Most research on stem cells involves the manipulation of gene expression, to some degree or another. During stem cell differentiation, the expression of specific genes orchestrates the choices cells make along the path from stem cell to adult cell — a process known as differentiation.
Here’s how it works: the expression (or lack thereof) of single or combinations of genes will direct a specific cell fate. The guiding hand behind this expression is a collection of genetic interactions – or gene regulatory network. In addition to specifying a particular cell lineage, regulatory networks simultaneously repress networks that specify other cell types. For example, the pluripotency regulatory network maintains embryonic stem cell self-renewal while repressing regulatory networks that direct differentiation.
Columbia University researchers treated the Foxo1 deletion mice with a hyperglycemia (high blood glucose)-inducing drug. Both Foxo1 deletion mice and control mice were administered insulin for the first few days following hyperglycemia induction. Upon halting insulin administration, Foxo1 deletion mice were able to restore blood glucose levels whereas control mice did not survive.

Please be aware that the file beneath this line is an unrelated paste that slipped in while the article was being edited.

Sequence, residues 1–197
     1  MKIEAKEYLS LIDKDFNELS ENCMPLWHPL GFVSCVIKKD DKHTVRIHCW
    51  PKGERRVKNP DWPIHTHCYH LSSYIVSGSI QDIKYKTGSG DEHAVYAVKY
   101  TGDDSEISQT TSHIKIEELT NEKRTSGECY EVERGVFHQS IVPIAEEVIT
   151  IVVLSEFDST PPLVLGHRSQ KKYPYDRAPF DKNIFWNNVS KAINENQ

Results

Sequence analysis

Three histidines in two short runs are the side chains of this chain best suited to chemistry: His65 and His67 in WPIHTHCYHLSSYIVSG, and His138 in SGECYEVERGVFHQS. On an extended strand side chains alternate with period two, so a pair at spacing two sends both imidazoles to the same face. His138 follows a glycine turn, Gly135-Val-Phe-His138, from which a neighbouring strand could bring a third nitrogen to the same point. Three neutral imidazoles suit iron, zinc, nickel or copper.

Upon analysis of gut tissue in Foxo1 deletion mice, researchers discovered a high number of insulin+ cells. Interestingly, insulin+ cells in the gut generated by deletion of Foxo1 still maintain expression of some intestinal genes. This suggests that the deletion of Foxo1 has lifted repressive signals on the pancreatic beta cell gene regulatory program instead of inducing differentiation of gut epithelium into a pancreatic fate. In other words, the Foxo1 gene appears to be a critical factor that distinguishes between hormone-producing cells in the pancreas and hormone-producing cells in the gut.
This is not the first study to create insulin-producing cells from non insulin-producing cells in vivo. A few years ago Doug Melton’s group at the Harvard Stem Cell Institute used an additive strategy whereby three beta cell factors were added to exocrine cells of the pancreas, resulting in transdifferentiation of exocrine cells into insulin-producing beta cells.
While neither of these strategies are directly translatable to the clinic, these studies have provided scientists with greater insight into what it takes to create a pancreatic beta cell.
Angela C. H. McDonald
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